I've been teaching here in China for almost 2.5 years. I think I've experienced every shocking aspect of Chinese culture and life here. I've traveled to 26 countries. I know how to travel and best of all, I know how to adapt. I'm amazed at foreigners who come here who think they still live in the West and have the same privileges, rights and same laws to adhere to as in the West. Here are 10 morsels of advice for anyone coming to China to teach.
Tags:Teaching & Learning Expat Rants & Advice Expat Tales
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I think Murphy's advice is a very good place for a newcomer to start. I found my problems with taxi drivers ended when I worked out the shortest route to the new site of the university and give simple directions like zhi zou or yizhi (straight ahead), zuo guai (left)or you guai (right); my mnemonic trick is it is a right hander's world and "you" sounds like yes it is, and zuo sounds like no way. I have got used to "Can you be a judge at the English Contest tomorrow night?" Or the announcement can arrive that afternoon. "Can you give me the marks for the postgrad English by Wednesday?" "Wait a minute, I get my first class on Monday so this means I prepare the final exam on the weekend?" "Yeah, 'fraid so. Just ask them 20 questions." At the entry/exit office they have the little green book of laws which apply to foreigners but they won't let you keep it. It is against the law to criticize Chinese institutions. I find it hard to get my English majors to state an opinion in writing anyway, so I simply use exercises to try to get them to think - as my starting point. China is moving very fast through the Industrial Age; workers are better treated, wear hard toes and hard hats and sometimes use eye protection when chipping, blasting or drilling stone and cement. Ten years ago you could smell a toilet facility 100 yards away, so they installed cheap spring-loaded flushing devices no one used but overcame that with automatic devices that blink in the walls. Many students play basketball yet garbage lands within a meter of the trash cans. China has come a long way.
Mar 14, 2014 20:55 Report Abuse
I can't agree with the "You're a guest, so just shut-up if you have anything negative to say". When you look at China's life from a *Chinese* (but honest, non-self-serving) point of view, things are not pretty. Shutting up about anything political or negative is precisely what's keeping the life of most deep in a grey puddle. You lived here for a while, right ? Don't you feel the restrained anger here ? Where that anger comes from ? No outlets for expressing grief, no influence on how things goes, anger at the by-gone morality. Yes, I'm a guest, but I'm also a human being with compassion for my fellow humans. And as a human with compassion, I feel like I've to wake up zombies out of their torpor, even it might sting a little. China to do not need silence.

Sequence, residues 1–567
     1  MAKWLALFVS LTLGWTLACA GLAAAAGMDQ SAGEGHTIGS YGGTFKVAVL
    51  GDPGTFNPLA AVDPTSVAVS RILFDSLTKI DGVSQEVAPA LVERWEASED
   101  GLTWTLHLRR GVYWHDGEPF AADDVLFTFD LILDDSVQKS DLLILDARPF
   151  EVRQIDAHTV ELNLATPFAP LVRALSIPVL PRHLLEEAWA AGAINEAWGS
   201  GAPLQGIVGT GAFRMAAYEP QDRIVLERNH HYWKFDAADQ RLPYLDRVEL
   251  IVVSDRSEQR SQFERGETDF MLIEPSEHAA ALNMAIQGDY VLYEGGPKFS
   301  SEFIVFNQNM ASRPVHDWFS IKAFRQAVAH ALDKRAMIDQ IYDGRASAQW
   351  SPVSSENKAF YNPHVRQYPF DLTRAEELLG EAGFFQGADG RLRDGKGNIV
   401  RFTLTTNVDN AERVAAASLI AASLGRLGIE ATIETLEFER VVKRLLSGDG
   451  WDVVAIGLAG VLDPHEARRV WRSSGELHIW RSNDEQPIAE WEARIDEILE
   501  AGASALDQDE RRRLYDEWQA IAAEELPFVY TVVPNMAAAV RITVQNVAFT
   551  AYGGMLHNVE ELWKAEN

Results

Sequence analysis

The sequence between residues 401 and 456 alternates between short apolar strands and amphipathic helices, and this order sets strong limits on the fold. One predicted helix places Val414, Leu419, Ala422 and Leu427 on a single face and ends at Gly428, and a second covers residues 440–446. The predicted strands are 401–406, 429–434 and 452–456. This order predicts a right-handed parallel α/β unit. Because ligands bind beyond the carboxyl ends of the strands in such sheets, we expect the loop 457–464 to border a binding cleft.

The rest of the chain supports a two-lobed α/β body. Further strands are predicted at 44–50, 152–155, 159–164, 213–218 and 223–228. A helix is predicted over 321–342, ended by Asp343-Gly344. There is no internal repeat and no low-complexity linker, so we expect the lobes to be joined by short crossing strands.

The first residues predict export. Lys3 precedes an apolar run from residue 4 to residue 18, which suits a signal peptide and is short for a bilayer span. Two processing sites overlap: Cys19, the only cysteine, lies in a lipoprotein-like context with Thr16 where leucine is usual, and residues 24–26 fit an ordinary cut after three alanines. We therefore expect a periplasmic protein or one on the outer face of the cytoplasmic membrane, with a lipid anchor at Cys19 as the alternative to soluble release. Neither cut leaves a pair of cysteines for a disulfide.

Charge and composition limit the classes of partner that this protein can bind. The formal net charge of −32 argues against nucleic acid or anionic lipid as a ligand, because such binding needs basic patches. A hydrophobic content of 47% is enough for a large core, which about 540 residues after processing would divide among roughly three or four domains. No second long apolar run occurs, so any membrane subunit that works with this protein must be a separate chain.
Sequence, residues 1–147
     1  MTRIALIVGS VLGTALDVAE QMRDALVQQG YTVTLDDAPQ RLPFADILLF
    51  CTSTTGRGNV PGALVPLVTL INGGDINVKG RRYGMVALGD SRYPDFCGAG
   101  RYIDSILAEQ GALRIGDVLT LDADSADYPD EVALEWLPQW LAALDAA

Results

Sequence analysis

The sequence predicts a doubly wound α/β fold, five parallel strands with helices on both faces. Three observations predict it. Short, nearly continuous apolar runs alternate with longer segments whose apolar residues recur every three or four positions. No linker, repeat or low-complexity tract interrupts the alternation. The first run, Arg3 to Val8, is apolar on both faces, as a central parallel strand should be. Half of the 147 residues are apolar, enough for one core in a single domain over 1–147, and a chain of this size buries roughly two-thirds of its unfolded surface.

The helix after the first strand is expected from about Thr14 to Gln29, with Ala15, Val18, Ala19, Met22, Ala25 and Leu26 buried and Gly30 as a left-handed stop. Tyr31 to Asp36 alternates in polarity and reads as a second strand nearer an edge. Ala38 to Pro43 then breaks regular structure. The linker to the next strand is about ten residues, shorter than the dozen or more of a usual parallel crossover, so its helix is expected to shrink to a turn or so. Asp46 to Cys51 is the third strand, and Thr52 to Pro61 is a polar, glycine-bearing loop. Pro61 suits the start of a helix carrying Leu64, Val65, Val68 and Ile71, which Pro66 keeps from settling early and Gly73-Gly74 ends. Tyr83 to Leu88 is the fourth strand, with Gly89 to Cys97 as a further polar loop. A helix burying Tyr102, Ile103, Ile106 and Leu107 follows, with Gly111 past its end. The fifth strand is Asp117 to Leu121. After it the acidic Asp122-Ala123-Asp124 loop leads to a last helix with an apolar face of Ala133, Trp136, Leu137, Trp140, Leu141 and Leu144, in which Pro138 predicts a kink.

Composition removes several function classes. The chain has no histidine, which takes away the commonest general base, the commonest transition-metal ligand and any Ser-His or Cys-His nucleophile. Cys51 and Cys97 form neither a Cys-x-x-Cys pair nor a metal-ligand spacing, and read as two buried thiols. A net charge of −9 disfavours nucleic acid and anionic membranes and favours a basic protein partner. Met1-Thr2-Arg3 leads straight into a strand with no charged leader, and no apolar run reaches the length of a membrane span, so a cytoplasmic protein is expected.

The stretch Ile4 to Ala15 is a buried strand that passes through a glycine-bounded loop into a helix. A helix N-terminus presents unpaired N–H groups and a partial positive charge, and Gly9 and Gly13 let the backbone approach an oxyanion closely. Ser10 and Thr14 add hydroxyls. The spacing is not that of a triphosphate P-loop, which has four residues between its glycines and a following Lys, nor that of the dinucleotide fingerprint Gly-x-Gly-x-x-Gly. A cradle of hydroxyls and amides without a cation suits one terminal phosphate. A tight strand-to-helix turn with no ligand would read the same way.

Feb 25, 2014 11:31 Report Abuse
Yeah that kind of..."you can't criticize them, it's their culture and we're guests!" mentality doesn't sit right with me either. I agree people here are generally miserable...one big reason why I think trying to live 'local' is misguided at best.
Feb 25, 2014 12:06 Report Abuse
I absolutely agree that being professional is a big responsibility but I think this is a little too fatalistic…”You’re in China so better just accept every negative aspect!” With good planning and executing a lot of those nagging China things just aren’t issues. Yeah, some locals stare and it’s not the biggest deal, but it does reflect poorly on them and we shouldn’t make excuses for them. Let people make their own excuses. I understand “they don’t know better” but at the same time that doesn’t make them fun or interesting people. I think the toilet thing is a good example of that too. Barring emergencies (Happen to the best of us!) I do not use squat toilets, and I also don’t carry toilet paper with me at any time. I mean frankly if an establishment thinks I am a trashy thief who will steal toilet paper…then I don’t have one red cent (brown jiao) for them. Likewise if thieves shop there that’s a good indication to me it’s not somewhere I belong. I mean I’ve done all the Chinese bazaar stuff. It’s really fun…as a holiday. As a day-to-day lifestyle? Give me nice clean bathrooms and comfortable seating. I never liked the argument that “If you don’t like ____ than just go home!” I’ve built a really solid career in banking here and no intelligent person would walk away from that (in this job market) over something silly.
Feb 25, 2014 10:55 Report Abuse